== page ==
GENESEE COUNTY — Although it is not a popular topic of discussion among friends, co-workers or even family; colorectal cancer is something everyone should take seriously. Colorectal cancer is the third most commonly diagnosed cancer in both and women in the United States. The American Cancer Society estimates that there will be 148, 610 new cases of colorectal cancer diagnosed in the U.S. this year.
Cancer that begins in the colon is called colon cancer, and cancer that begins in the rectum is called rectal cancer. Cancer that starts in either of these organs may also be called colorectal cancer.
One out of 18 people in this country will develop colorectal cancer in their lifetime. Colorectal cancer is more common in people over 50, and the risk increases with age. Risk increases with the presence of:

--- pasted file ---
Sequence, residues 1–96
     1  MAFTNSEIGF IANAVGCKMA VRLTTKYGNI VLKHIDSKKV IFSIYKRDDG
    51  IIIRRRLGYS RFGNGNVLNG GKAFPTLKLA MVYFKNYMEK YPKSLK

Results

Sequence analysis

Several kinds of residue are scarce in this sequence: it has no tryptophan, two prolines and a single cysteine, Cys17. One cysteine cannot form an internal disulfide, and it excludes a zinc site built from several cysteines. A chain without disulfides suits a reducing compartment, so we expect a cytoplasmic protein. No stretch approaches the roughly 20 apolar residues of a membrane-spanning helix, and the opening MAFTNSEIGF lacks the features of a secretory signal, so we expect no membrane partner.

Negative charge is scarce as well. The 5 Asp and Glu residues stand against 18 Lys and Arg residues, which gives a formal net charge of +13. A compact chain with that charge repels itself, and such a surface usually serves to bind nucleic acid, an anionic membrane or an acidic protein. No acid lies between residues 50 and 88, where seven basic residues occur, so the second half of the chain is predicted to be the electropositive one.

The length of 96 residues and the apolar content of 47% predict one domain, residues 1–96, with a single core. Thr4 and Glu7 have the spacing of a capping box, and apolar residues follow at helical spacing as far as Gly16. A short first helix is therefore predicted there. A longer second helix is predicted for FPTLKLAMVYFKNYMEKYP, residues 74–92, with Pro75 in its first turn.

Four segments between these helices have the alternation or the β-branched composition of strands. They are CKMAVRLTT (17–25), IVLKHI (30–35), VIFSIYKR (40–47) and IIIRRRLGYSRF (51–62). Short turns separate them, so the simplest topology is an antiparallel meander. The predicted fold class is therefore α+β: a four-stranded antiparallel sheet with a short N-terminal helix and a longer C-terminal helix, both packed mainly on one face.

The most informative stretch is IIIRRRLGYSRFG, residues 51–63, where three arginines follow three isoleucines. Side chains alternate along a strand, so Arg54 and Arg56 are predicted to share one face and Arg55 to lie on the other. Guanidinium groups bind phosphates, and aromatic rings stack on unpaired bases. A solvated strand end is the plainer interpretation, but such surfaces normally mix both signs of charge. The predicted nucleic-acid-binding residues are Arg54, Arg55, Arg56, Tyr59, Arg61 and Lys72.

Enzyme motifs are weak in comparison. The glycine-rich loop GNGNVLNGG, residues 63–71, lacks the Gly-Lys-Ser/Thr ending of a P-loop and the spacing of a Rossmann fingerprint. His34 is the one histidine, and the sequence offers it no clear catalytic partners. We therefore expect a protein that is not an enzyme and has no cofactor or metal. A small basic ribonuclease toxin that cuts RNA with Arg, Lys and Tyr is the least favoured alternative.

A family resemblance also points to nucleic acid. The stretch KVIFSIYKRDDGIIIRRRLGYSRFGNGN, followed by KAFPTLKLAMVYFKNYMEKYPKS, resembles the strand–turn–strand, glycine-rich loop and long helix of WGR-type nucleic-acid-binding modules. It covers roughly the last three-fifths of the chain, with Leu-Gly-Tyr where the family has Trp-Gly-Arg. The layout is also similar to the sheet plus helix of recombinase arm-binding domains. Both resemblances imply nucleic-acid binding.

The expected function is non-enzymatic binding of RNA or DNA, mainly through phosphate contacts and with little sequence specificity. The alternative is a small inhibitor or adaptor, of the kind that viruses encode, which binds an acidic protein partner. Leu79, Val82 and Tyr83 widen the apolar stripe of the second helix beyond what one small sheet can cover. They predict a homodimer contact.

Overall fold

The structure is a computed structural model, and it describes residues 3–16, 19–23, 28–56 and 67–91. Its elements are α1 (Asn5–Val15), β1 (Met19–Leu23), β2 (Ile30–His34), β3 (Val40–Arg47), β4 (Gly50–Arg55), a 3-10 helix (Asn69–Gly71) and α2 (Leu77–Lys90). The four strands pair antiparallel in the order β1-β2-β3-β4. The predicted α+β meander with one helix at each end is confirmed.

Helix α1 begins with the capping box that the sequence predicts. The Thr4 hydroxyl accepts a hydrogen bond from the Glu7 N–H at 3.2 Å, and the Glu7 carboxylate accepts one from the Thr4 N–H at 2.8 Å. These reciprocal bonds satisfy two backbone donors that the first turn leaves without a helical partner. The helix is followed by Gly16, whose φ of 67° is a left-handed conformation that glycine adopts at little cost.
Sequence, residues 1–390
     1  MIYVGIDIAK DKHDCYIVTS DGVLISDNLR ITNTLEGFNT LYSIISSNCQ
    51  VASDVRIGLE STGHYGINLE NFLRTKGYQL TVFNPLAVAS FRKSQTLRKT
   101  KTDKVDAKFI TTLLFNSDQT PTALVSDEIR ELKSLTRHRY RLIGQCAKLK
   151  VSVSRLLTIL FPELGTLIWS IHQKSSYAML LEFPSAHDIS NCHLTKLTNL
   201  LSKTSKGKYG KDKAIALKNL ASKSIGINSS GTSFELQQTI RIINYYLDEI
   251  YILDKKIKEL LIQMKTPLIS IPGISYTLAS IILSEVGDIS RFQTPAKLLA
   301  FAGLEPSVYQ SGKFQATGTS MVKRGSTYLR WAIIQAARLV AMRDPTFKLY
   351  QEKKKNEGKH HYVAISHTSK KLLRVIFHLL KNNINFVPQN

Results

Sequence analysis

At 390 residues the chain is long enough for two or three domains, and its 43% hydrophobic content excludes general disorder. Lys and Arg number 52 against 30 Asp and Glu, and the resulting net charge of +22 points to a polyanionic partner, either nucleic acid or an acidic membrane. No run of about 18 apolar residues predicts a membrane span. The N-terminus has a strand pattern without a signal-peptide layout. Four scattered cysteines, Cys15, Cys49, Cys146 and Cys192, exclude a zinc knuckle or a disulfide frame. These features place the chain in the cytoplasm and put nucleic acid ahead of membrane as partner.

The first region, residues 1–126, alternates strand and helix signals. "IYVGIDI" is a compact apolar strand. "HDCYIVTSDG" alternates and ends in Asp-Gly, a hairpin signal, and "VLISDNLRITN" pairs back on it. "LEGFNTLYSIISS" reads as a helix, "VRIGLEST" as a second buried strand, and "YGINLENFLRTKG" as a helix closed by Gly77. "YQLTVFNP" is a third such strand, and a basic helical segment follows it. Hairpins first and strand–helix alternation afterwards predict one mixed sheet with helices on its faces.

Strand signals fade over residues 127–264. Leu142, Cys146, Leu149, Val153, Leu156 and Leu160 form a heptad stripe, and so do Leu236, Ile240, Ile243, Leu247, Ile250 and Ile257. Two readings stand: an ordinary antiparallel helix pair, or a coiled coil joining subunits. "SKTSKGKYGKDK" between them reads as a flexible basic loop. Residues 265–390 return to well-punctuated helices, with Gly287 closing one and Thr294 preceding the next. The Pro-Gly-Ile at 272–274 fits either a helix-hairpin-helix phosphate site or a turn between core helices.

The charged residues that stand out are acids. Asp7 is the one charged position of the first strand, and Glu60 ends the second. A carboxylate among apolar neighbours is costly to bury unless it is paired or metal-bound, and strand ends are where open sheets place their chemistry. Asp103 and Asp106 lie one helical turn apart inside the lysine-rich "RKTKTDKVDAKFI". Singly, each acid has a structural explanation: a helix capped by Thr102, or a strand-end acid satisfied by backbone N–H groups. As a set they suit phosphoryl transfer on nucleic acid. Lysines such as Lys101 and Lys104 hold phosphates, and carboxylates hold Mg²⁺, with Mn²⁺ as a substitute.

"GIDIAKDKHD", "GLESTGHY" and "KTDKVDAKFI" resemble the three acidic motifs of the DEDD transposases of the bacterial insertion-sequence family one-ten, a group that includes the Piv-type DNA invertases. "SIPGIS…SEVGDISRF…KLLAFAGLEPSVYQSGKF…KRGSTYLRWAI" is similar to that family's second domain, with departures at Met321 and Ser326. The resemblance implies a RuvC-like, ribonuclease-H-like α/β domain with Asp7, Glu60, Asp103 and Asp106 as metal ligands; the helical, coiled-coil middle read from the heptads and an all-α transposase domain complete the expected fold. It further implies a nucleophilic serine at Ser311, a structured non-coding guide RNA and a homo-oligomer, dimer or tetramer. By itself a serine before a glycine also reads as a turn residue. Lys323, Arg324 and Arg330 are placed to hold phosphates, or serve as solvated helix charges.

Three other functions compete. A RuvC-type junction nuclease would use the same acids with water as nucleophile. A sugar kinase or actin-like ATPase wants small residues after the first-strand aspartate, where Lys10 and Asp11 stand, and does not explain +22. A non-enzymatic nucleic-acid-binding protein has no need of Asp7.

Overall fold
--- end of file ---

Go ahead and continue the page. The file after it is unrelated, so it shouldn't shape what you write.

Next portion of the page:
Polyps — growths inside the colon and rectum that may become cancerous
A diet that is high in fat
A family history or personal history of colorectal cancer
Ulcerative Colitis or Chron’s Disease
Symptoms can include blood in the stool, narrower stools, a change in bowel habits and general stomach discomfort. However, you may not have symptoms at first, so screening is important. Everyone who is 50 or older should be screened for colorectal cancer.
Screening Tests Include:
yearly fecal occult blood test (stool sampling)
flexible sigmoidoscopy or colonoscopy every 5 years
Information obtained with permission from The National Institute of Health Website
McLaren Regional Medical Center began the free colorectal cancer screenings during Colorectal Cancer Awareness Month in 2004. Since then, over 2,000 area residents have taken advantage of the program. To request a free kit, call 1-866-696- GLCI or visit www.glci.com. — G.G